To live fully we need to be discerning of the forces that would rob us of life. Evil flourishes when we believe the lies it promulgates. A person struggling with suicidal thoughts believes the lie, succumbing to the idea that they are not good enough, not tough enough, not attractive enough, not loving enough, not resilient enough, not successful enough, and not smart enough to make it in life. They see themselves as a failure.
Suicide prevention is about exposing the lies. Whether we are listening to the voices in our own head or supporting someone who is feeling vulnerable we need to address the lies. We need to call them out for what they are. Here are some examples. How they impact on our thinking is captured in brackets:
No-one cares about you anymore. (Feeds our sense of isolation)
You have become a burden to your friends and family. (Encourages a sense of guilt)
You have never achieved anything significant in your life. (Challenges our sense of worth)
You won’t be missed. (Excuses us of any responsibility)
Looking for help won’t get you anywhere. (Confirms our obligation to resolve the matter)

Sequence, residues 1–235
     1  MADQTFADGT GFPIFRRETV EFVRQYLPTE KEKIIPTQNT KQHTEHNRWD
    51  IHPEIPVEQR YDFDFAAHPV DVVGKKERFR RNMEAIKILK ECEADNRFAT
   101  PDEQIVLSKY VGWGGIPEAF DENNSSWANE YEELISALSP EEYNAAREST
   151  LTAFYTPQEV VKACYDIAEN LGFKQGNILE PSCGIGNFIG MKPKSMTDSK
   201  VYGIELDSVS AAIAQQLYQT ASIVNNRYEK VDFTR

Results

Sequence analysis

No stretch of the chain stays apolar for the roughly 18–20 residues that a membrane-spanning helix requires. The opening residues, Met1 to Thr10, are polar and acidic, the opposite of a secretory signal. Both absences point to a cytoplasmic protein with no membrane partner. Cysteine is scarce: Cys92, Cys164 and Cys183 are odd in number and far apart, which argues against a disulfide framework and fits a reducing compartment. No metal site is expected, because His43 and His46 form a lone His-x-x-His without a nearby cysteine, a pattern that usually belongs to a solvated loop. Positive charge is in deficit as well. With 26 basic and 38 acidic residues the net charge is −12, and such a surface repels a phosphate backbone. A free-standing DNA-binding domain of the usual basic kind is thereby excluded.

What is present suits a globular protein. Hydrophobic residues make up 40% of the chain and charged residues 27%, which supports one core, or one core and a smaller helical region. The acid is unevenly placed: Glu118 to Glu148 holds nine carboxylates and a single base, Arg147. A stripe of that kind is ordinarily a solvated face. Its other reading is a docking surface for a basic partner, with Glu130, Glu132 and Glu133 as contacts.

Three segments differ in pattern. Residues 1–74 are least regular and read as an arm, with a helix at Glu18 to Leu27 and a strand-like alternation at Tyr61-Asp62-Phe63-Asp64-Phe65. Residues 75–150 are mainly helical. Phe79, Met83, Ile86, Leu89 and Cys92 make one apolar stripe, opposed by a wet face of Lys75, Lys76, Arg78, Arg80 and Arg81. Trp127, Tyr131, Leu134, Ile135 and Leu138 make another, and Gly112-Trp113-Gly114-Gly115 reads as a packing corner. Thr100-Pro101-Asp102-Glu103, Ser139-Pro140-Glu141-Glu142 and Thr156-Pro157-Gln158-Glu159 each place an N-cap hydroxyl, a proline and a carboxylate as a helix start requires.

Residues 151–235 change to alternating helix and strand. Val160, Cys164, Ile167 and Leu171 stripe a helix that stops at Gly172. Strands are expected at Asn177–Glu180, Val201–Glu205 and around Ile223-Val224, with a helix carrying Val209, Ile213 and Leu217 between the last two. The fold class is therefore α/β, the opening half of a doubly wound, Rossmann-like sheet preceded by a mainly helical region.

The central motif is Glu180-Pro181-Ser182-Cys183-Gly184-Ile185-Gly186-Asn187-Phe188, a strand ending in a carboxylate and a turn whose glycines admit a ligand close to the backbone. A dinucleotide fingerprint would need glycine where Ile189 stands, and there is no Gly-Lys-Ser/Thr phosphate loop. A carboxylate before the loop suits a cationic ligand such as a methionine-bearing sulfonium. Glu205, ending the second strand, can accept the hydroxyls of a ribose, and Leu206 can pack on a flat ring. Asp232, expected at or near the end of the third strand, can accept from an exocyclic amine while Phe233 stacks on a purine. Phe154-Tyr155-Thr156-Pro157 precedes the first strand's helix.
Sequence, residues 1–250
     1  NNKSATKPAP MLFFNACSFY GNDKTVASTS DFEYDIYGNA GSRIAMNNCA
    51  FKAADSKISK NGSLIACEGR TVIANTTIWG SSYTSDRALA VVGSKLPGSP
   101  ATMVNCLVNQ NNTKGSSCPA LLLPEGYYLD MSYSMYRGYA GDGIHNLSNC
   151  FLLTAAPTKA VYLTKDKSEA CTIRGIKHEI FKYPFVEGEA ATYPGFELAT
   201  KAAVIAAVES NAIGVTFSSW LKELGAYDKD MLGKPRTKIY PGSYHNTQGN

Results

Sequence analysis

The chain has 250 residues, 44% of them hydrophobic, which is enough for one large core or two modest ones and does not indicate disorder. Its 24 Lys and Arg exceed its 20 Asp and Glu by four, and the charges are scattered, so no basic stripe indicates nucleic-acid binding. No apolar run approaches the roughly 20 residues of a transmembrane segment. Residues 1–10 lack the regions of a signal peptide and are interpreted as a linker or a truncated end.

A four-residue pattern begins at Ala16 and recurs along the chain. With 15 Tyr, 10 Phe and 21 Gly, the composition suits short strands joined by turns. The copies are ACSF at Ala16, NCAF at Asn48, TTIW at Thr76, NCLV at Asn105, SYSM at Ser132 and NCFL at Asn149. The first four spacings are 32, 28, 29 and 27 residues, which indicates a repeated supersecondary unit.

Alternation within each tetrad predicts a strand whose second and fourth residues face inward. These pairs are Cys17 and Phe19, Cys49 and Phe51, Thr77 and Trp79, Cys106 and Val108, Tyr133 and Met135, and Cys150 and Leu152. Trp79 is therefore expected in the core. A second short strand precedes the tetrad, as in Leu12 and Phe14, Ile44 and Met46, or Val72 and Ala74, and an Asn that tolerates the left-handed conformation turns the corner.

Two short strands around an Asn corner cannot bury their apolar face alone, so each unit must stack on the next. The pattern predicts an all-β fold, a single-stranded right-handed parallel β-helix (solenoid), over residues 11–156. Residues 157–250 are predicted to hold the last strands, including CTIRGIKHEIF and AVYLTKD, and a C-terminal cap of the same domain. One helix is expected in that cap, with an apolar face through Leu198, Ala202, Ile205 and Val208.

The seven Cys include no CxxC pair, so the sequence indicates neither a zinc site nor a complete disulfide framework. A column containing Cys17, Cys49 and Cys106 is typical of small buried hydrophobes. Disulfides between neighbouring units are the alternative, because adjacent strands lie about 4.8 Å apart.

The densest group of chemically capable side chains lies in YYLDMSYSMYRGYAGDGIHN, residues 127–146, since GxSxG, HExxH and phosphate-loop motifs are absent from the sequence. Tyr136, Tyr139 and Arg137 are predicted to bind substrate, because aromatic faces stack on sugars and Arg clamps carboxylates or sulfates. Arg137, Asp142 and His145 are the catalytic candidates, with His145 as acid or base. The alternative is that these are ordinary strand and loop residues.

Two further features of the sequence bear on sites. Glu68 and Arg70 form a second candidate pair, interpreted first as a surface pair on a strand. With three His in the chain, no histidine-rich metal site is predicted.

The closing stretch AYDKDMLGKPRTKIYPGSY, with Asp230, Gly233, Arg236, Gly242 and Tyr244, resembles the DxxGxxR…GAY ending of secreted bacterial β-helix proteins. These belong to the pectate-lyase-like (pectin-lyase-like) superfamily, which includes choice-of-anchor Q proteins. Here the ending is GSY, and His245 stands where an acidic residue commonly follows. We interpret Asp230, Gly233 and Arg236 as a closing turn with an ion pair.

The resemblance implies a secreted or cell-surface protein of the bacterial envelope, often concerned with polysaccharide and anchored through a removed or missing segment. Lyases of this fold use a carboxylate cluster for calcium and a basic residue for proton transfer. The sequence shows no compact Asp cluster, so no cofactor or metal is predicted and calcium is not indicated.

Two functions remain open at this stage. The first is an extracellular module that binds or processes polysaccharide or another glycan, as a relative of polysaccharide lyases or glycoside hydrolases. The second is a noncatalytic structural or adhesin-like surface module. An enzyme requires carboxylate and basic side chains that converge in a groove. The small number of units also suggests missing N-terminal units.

Entertaining the lie places us at high risk. Believing in the lie can have disastrous consequences, giving rise to suicidal thoughts. Suicidal thoughts are dangerous thoughts, they are not normal. That is why we need to be brutal in our dealings with lies. We need to act decisively. We need to erase them from our minds. We need to replace them with positive affirmations, words that remind us we are not alone, we are loved, we have worth and we are needed.
OneRepublic are right. When your world is imploding, get help. There is no shame in admitting we can’t make it on our own.
“If anyone out there thinks the world is better without you, you are so unspeakably wrong on every level. Get help please.”